Ukraine Series #2: Putin must not destroy Odessa

by | Mar 6, 2022 | Opinion, Spotlight

The seizure of Odessa would solidify President Vladimir Putin’s control of Ukraine’s Black Sea coast. Russian troops have already captured several smaller port cities, shelling civilians and destroying infrastructure along the way. An assault on this city of 1,000,000 people will place Putin’s name alongside Tsar Nicholas II and Joseph Stalin as one of the Russian Empire’s greatest criminals. 

Odessa was long a center of international exchange, artistic expression, and enlightened education for free thinkers from across the Empire and is today recognized as a UNESCO World Heritage site. Lev Davidovich Bronstein spent a happy part of his boyhood at school in the city before making his mark under the name of Leon Trotsky. By the early twentieth century, Odessa’s population was one of the most internationally diverse in the Russian Empire, typical of a major port city, including roughly 30 percent Jewish people.

Odessa Opera House and port

Understood as a relatively open city—even under the autocracy—Odessa first came to political prominence during the 1905 Russian Revolution. After much of the Russian Navy was obliterated in Port Arthur in a war with Japan, mass strikes and uprisings swept across the Empire. In one of the most famous rebellions of the revolutionary movement, sailors aboard the Battleship Potemkin mutinied, arrested their officers, and steamed into port at Odessa where they were greeted as heroes by the local population. The Tsar’s High Command eventually retook the ship, but not before conducting a bloody attack on the city and the sailors, all of which was portrayed in Sergei Eisenstein’s groundbreaking film. In the aftermath, forces loyal to the Tsar unleashed a pogrom—a race massacre— against the city’s Jewish population that left hundreds dead as part of a reactionary campaign to squash the 1905 movement.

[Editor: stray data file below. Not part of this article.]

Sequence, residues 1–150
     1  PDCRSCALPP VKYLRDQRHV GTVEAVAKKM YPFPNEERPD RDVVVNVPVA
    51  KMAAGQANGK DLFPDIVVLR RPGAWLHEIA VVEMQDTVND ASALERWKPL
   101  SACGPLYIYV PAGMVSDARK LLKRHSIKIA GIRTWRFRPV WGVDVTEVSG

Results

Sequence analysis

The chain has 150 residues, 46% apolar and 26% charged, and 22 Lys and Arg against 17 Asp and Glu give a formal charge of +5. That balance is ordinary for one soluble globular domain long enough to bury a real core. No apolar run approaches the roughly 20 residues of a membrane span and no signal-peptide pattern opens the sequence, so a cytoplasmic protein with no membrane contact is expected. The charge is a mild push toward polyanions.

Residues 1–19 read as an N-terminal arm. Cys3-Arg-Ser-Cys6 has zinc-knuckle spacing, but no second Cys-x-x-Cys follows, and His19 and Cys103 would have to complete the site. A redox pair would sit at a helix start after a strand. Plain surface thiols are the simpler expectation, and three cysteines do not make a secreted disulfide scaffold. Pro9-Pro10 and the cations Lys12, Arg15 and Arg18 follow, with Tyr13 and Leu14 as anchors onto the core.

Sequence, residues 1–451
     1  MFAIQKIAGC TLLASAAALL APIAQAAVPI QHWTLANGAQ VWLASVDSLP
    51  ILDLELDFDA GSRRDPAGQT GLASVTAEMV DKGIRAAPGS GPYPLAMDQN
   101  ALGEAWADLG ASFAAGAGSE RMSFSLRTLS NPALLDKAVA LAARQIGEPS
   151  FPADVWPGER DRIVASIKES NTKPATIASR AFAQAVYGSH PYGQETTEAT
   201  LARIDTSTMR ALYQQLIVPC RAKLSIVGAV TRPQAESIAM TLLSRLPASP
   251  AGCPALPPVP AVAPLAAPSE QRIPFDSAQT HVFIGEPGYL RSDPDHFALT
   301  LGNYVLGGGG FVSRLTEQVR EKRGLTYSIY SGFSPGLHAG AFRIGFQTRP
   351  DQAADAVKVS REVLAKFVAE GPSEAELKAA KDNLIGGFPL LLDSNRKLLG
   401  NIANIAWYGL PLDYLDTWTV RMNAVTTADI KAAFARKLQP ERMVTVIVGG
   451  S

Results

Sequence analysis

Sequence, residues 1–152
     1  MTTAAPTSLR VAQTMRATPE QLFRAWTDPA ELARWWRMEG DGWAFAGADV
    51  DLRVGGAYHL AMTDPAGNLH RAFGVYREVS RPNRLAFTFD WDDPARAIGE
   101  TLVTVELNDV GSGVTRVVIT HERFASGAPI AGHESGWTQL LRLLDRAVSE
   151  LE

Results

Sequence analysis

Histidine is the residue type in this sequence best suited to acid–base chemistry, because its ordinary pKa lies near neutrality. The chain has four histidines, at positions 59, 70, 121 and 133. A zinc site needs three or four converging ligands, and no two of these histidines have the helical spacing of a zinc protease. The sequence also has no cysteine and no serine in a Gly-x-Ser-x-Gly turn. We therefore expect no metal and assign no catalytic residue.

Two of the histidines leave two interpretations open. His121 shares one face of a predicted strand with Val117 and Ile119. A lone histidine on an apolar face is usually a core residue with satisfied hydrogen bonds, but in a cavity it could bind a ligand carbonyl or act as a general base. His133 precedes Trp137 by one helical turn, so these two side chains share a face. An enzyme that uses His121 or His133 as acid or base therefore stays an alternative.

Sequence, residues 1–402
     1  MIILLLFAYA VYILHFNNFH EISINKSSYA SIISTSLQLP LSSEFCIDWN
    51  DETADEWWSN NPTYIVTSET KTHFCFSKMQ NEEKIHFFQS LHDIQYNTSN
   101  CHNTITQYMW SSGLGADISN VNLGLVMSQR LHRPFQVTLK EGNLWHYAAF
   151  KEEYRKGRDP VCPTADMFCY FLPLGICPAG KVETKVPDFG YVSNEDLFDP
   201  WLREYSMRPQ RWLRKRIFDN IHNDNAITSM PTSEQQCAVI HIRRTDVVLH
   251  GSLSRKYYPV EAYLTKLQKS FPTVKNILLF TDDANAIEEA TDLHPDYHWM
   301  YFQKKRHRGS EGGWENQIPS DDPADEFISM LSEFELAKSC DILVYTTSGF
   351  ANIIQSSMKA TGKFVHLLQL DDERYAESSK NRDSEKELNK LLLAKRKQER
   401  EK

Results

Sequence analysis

Odessa, like the rest of Ukraine, suffered under Stalin’s campaign to strangle the vestiges of the 1917 Revolution and consolidate his power. Yet, the city survived with much of its international mix intact. Prior to the Holocaust, Jewish people accounted for up to 40 percent of the local population before the occupying Nazis carried out their genocidal extermination campaign, cutting the population in half. And although Stalin continued to persecute Jewish people after World War II, Odessa retained its reputation as a relatively tolerant refuge with a vibrant ethnic and cultural mix. 

After the fall of the Soviet Union, emigration reduced the city’s Jewish population to today’s 1.2 percent, but almost 10 percent today are minorities, including Bulgarians, Moldavans, Belarusians, Armenians, Poles, Turks, Romanians, Azeris and more. Additionally, tens of thousands of foreign students from Ghana to the U.S. to China are studying in Ukraine, including many in Odessa. That leaves approximately 68 percent ethnic Ukrainians and 25 percent ethnic Russians. 

A military assault on Odessa by Putin’s forces will not only cause civilian deaths and injuries, destroy infrastructure, and put the city’s cultural heritage in danger, it might also provoke new rounds of ethnic division and violence. We know this from the experience of the U.S. bombing of Baghdad and invasion of Iraq.

Putin may think of himself as Peter the Great, but he’s acting more like Nicholas II. We can only hope that people all over the former Empire will follow the heroic example of the Russian sailors aboard the Battleship Potemkin and their Ukrainian comrades in Odessa.

Todd Chretien is a high school Spanish teacher, translator, and author. He runs Fair Share Farm in Wayne and is a member of Maine DSA and the Pine and Roses editorial collective.

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